MIAMI, Fla -- At a "Come Together and Fight Back" unity rally in South Florida, it was clear among Latino attendees there is still much work to be done in order to bring the Democratic party together before the next elections.
The differences that were there in 2016 between supporters of Sen. Bernie Sanders and Hillary Clinton are still a reality as Democrats work to reinvigorate and build up their ranks.
Miami Dade college student Maya Amezquieta, 21, came to the rally to see former presidential hopeful and Vermont Independent Senator Bernie Sanders, who joined the newly elected chair of the Democratic National Committee (DNC), Tom Perez, in rallies across several cities this week.
Amezquieta had supported Sanders in the primaries and then turned to the Green Party when he didn't win.
"I feel like the Democratic Party is not left enough. They are more in the center. They lean too much towards the Republicans." she said.
The young Latina feels that in order for the party to unify, it needs to take more interest in the people and take money out of politics. Right now, "they are not appealing to the younger voters or progressives."
Speaking at the rally on Wednesday night, Sanders called for rebuilding the party and turning it into a "grassroots" party. "It looks to me like you guys are ready to make a political revolution," Sanders said to the crowd that greeted him with a roaring cheer.
Over 2,000 people attended the event, according to the general manager of the James L. Knight Center where the rally was held. The tour, which kicked off on Monday in Portland, Maine and includes 8 stops, hopes to help unify the divided Clinton-Sanders supporters.
Like his campaign rallies, Sanders talked about income inequality, affordable education, criminal justice reform and health care. The crowd cheered when he said, "we need to guarantee healthcare for all people as a right."
Sanders also called for comprehensive immigration reform. "There is a lot of fear in communities all over this country. People have been in this country 10, 15, 20 years, raising their kids here. They are scared to death. And our job is together as a nation to say that we respect those people, we're going to work with those people, and we are finally going to pass immigration reform."
Some attendees are holding out hope for another Sanders presidential run. Many were holding signs and wearing t-shirts emblazoned with "Bernie Sanders 2020."
Shadi Toro, 26, works in sales and still feels it was a mistake to elect Clinton for the Democratic ticket. "I think Bernie would have been a bigger blow to Donald Trump. He has real fans."
Toro said he abstained during the November elections because he couldn't bring himself to vote for Clinton who he felt was "too controlled" by special interest groups.
He said he came to the event because he just wants "to hear an action plan. I want to hear what he [Sanders] wants to do and how he's going to do it."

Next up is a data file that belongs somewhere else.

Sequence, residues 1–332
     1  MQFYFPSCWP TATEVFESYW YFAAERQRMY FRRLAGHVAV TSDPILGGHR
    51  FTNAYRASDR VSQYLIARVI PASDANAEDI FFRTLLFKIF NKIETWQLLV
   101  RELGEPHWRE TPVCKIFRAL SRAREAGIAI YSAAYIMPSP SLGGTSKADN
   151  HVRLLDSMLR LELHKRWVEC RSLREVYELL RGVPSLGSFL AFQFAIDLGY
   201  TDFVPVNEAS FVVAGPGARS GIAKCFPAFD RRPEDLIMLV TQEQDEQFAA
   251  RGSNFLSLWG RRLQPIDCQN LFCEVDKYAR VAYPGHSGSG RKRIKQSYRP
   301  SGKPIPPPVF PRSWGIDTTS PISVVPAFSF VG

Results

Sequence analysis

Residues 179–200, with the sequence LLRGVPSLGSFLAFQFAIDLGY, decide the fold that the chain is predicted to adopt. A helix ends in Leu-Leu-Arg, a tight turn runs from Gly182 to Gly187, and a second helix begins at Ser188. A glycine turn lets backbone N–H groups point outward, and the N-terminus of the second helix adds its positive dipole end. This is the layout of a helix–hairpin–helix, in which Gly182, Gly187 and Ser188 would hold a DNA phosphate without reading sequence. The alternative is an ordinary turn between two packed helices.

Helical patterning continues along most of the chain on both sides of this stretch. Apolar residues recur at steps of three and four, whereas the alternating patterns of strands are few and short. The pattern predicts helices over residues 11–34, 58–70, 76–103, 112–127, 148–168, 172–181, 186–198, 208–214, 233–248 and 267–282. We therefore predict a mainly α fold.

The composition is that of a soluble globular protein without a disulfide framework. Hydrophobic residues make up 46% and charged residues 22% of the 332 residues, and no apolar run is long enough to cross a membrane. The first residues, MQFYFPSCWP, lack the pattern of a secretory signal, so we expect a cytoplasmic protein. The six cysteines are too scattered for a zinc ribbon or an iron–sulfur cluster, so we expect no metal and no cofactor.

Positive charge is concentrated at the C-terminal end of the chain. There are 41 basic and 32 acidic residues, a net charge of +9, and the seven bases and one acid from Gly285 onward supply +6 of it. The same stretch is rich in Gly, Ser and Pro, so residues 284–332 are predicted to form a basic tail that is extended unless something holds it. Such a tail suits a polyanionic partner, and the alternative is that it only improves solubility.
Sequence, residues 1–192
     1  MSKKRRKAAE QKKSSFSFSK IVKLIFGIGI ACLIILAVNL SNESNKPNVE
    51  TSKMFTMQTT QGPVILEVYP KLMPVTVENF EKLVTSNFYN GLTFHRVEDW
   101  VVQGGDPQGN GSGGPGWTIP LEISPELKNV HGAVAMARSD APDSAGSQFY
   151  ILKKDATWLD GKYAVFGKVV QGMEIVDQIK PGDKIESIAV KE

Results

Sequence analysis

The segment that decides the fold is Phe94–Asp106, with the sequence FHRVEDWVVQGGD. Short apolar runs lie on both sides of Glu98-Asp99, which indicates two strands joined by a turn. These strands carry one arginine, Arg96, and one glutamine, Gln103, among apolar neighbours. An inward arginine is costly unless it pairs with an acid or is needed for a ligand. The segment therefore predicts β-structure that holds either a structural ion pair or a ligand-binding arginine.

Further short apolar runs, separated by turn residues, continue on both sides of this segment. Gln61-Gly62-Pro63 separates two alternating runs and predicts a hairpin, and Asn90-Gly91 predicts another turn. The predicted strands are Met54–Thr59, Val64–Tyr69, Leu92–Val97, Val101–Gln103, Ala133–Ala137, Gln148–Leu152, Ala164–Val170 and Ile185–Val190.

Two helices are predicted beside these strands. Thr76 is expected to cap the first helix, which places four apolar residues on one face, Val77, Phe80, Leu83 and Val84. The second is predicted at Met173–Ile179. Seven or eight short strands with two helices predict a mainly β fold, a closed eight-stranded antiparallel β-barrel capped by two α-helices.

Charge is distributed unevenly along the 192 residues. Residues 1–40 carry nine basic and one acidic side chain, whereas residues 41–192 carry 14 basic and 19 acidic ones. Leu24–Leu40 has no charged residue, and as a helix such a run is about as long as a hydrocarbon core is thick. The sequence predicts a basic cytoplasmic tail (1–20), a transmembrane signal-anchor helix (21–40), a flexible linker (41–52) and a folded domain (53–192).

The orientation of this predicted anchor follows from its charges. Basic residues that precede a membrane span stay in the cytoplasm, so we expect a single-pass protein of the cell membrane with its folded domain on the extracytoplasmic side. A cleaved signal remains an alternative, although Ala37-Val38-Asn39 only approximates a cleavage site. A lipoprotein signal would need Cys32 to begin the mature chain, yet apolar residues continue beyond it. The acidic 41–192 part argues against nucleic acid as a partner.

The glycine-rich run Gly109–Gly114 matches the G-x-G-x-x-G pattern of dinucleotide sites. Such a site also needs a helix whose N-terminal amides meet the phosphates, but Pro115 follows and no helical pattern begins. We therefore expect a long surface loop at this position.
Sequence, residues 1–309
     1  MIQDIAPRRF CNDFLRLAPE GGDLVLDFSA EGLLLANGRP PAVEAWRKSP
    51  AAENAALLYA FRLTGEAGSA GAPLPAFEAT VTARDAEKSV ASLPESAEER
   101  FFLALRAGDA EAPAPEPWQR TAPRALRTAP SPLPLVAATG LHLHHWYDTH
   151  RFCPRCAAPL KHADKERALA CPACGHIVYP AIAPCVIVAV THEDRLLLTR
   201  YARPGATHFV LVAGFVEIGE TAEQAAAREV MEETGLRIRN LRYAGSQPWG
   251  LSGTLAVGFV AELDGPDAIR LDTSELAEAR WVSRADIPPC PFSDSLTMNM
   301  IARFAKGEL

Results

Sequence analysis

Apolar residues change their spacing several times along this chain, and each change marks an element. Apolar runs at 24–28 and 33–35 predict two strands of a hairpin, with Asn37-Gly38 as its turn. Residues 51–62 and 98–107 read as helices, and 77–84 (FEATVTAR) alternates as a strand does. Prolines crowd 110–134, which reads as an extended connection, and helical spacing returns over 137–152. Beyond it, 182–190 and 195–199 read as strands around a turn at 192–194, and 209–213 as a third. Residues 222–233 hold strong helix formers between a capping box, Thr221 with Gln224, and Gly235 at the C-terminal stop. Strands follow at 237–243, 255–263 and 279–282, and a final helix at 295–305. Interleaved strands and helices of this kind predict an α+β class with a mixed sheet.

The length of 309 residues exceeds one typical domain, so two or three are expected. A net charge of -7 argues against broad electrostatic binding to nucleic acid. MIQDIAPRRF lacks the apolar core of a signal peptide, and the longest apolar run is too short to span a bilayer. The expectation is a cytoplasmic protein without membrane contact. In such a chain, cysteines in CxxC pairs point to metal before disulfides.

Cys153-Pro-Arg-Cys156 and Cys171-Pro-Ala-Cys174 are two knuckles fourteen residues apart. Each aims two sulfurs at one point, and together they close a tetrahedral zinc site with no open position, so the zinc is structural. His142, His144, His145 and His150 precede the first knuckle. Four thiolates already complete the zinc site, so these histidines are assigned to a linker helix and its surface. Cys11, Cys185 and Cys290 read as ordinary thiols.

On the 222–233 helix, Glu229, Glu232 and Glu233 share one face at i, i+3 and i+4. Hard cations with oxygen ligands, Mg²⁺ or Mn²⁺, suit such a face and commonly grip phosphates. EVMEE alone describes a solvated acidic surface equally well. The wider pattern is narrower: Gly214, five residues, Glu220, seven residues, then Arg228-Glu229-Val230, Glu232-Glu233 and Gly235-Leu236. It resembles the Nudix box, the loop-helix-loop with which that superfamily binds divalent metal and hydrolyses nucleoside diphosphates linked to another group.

The divisions among the party were obvious; there were even some boos heard in the crowd when Sanders thanked the DNC Chair.
Perez, a son of Dominican immigrants, delved right into the topic of immigration during his speech and said "it breaks my heart to read what I have read over the past couple of days," referring to the deportation of 'Dreamer' Juan Manuel Montes and Margarita Del Pilar Fitzpatrick, who faces deportation for having voted illegally.
Perez, who also drew cheers during his impassioned remarks, sprinkled his speech with Spanish. He told the crowds ""Vamos a luchar juntos" or "let's fight together."
Kevin Zamora and Jennifer Russell, two South Florida residents, drove about an hour to attend the event. They were both Sanders supporters who turned to Clinton when he lost the primary and never understood the split within the party.
"I don't understand the disconnect because how do you go from Bernie Sanders to a candidate like Trump," Zamora said.
Russell called it "egotistical" that Sanders supporters turned against Clinton after the primary.
They both said they came to the rally to hear "what is the plan." They want to know more about how the party is going to close the gap with income inequality, make education better and more affordable and what is going to be done about health care.
Florida International University professor Eduardo Gamarra said the Democratic party is going through a difficult moment.
"I don't think we really know what the party is - whether it's on the left or on the right or in the middle," he said. "Most of what I know when looking at the figures is that the party needs to move left - towards that populist left that Bernie advocated, which in many ways coincided with Trump's agenda" said Gamarra.
For some Latinos at the rally, it's about having more than two political parties to choose from.
Santiago Cely, said Sanders' "platform is perfect." But he says he is all for "political diversity and political alternatives. The two party political establishment needs to be broken," he said.